Cover of: The cytokine network and immune functions | Read Online
Share

The cytokine network and immune functions

  • 350 Want to read
  • ·
  • 48 Currently reading

Published by Oxford University Press in Oxford, New York .
Written in English

Subjects:

  • Cytokines.,
  • Immunity.,
  • Immunopathology.,
  • Cytokines -- immunology.,
  • Immunity -- physiology.,
  • Immunologic Diseases -- physiopathology.

Book details:

Edition Notes

Includes bibliographical references and index.

Statement[edited by] Jacques Thèze.
ContributionsThèze, Jacques.
Classifications
LC ClassificationsQR185.8.C95 C98165 1999
The Physical Object
Paginationxxxi, 373 p. :
Number of Pages373
ID Numbers
Open LibraryOL387362M
ISBN 100198501366
LC Control Number98050202

Download The cytokine network and immune functions

PDF EPUB FB2 MOBI RTF

Cytokine network and immune functions. Oxford ; New York: Oxford University Press, © (OCoLC) Online version: Cytokine network and immune functions. Oxford ; New York: Oxford University Press, © (OCoLC) Material Type: Internet resource: Document Type: Book, Internet Resource: All Authors / Contributors: Jacques Thèze.   Cytokine connectivity is exceptionally dense. Cytokine connections between and among immune and body cells (see Table Table1) 1) were obtained manually from two Internet databases: the Cytokines Online Pathfinder Encyclopedia (COPE)[5,6] and the Cytokine Reference – Online Database[].We transformed automatically the raw data into a network format designating cells as Cited by: The immune system is an evolutionarily ancient network that invokes the activation of specific cellular changes and events in response to danger. The innate immune system represents a conserved and repetitive set of responses to danger in which the nature of the response is identical, each time the same threat is encountered. Full text Full text is available as a scanned copy of the original print version. Get a printable copy (PDF file) of the complete article (K), or click on a page image below to browse page by : Alexander Kusnecov.

Since the subunit common to all members of the family functions in binding cytokine and in signal transduction, a receptor for one cytokine can often respond to another cytokine in the same family. Thus, an individual lacking IL-2, for example, is not adversely affected because other cytokines (IL, IL-7, IL-9, etc.) assume its function. Cytokine Network The immune system recognizes the presence of pathogens by several proteins that bind to molecules secreted by the pathogen or carried on their surface. The cells responsible for these immune responses include the B-Cells, T-Cells, macrophages, neutrophils, basophils, eosinophils, endothelial cells, or mast cells (Ref.1).   (c) Scatter plot highlighting the strong correlation in cytokine degrees between incoming and outgoing directions of the manually curated reference book interaction network (n= cytokines, r=0 Cited by: The book helps the reader understand how cytokines network inside the tissues and highlights whether tissue-protection or exacerbation will be finally controlled. It describes the cytokines detected and regulated in different tissues, such as the brain, lungs, spleen, liver, pancreas and intestine, also addressing the issue of timing in.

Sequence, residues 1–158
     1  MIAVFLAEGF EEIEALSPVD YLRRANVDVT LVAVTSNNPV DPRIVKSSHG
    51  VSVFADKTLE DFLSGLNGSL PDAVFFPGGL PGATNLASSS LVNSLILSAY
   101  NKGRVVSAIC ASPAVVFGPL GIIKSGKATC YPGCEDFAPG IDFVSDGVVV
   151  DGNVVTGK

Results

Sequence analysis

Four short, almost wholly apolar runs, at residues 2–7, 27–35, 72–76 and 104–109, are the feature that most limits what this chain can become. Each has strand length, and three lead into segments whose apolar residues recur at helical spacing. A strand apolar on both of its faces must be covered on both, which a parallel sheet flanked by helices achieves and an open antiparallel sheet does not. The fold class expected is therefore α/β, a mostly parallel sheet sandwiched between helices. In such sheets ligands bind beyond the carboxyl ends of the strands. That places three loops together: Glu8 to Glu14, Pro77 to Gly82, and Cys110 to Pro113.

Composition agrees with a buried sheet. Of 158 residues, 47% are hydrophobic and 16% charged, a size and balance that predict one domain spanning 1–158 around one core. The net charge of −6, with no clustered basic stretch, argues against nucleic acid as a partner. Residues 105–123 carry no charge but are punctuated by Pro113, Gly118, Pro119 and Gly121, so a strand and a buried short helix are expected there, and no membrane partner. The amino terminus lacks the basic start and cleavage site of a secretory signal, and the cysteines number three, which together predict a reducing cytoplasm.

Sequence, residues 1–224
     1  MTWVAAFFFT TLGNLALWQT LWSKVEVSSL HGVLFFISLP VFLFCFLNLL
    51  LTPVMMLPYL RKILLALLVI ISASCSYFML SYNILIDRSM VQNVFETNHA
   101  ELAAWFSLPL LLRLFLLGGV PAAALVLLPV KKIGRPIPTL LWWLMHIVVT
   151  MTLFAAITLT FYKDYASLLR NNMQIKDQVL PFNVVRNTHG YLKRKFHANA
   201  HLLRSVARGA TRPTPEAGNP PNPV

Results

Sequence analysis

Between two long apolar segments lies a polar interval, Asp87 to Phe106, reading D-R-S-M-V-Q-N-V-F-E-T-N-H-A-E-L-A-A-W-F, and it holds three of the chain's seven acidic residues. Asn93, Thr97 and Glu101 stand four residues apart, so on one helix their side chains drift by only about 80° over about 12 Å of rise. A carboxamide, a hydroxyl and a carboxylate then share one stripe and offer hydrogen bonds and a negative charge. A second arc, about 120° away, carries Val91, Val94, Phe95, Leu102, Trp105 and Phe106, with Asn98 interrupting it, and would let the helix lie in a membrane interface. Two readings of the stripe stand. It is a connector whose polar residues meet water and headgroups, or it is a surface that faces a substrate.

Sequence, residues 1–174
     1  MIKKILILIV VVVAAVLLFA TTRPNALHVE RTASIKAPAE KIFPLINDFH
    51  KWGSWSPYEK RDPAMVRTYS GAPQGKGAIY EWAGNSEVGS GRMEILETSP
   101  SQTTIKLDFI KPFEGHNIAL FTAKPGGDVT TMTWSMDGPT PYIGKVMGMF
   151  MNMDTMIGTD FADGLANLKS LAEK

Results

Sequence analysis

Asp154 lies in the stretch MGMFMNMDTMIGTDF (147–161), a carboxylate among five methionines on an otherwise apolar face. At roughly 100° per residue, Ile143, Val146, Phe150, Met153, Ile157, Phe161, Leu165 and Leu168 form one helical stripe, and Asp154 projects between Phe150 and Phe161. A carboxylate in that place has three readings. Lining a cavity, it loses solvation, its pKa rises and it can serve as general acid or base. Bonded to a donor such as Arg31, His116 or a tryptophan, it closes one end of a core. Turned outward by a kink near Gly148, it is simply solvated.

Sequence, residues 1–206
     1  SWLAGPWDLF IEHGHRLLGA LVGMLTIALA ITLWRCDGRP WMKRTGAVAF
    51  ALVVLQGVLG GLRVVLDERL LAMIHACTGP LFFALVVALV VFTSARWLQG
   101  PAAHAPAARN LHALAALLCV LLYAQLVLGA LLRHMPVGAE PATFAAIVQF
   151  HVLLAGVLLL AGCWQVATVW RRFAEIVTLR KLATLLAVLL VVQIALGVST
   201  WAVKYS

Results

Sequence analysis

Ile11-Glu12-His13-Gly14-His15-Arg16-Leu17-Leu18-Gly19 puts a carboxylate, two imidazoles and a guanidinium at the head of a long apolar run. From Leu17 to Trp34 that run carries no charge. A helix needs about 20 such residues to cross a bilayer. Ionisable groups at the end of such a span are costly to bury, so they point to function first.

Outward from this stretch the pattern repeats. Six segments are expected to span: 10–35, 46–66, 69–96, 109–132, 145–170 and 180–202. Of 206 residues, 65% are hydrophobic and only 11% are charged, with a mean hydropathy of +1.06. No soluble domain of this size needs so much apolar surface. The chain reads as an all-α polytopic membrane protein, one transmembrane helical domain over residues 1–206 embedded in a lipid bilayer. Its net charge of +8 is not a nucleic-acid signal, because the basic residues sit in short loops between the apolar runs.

Request PDF | Cytokine Network | Immune dysregulation, barrier defects, and increased skin infections combine to lead to the onset of atopic dermatitis (AD). It was previously | Find, read and. The Cytokines of the Immune System catalogs cytokines and links them to physiology and pathology, providing a welcome and hugely timely tool for scientists in all related fields. In cataloguing cytokines, it lists their potential for therapeutic use, links them to disease treatments needing further research and development, and shows their utility for learning about the immune system.   The recognition in the late s of two distinct (Th1 and Th2) clonal linages of Th lymphocytes, defined by unique cytokine secretory patterns, was a cornerstone in the understanding of immunological responses and the development of the current paradigms of immune/inflammatory disease etiology [32, 33].Th1 cells mediate immune responses against intracellular pathogens and are Cited by: Cytokines are a group of proteins secreted by cells of the immune system that act as chemical messengers. Cytokines released from one cell affect the actions of other cells by binding to receptors.